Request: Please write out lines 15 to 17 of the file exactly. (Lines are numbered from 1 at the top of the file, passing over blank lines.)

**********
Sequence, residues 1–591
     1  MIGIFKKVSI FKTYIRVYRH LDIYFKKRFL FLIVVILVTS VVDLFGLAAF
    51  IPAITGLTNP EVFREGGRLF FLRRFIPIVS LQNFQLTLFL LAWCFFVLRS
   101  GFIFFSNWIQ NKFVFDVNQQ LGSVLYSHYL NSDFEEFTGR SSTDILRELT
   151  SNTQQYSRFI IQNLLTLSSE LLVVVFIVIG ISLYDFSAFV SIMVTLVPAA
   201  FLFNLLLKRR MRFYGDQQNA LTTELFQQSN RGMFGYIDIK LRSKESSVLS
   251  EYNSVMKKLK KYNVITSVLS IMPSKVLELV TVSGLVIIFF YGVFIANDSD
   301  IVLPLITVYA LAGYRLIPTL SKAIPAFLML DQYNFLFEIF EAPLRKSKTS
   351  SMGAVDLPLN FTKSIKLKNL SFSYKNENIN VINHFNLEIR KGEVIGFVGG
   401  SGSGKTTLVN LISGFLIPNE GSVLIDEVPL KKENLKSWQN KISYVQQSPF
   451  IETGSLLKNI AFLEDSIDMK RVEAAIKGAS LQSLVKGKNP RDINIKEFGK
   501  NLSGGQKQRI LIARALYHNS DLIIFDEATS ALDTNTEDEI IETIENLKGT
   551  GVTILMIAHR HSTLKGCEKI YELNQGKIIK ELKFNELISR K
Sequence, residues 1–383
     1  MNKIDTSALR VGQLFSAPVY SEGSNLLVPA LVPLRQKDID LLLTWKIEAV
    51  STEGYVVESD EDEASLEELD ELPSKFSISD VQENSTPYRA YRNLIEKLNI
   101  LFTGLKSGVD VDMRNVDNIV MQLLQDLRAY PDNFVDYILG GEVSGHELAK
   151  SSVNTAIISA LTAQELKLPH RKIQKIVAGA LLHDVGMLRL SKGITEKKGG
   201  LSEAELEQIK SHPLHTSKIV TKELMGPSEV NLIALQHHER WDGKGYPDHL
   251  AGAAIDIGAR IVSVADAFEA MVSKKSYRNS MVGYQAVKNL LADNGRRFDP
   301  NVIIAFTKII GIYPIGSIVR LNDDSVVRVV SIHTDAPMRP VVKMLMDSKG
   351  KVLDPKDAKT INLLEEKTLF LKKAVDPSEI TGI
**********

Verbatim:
     1  MNKIDTSALR VGQLFSAPVY SEGSNLLVPA LVPLRQKDID LLLTWKIEAV
    51  STEGYVVESD EDEASLEELD ELPSKFSISD VQENSTPYRA YRNLIEKLNI
   101  LFTGLKSGVD VDMRNVDNIV MQLLQDLRAY PDNFVDYILG GEVSGHELAK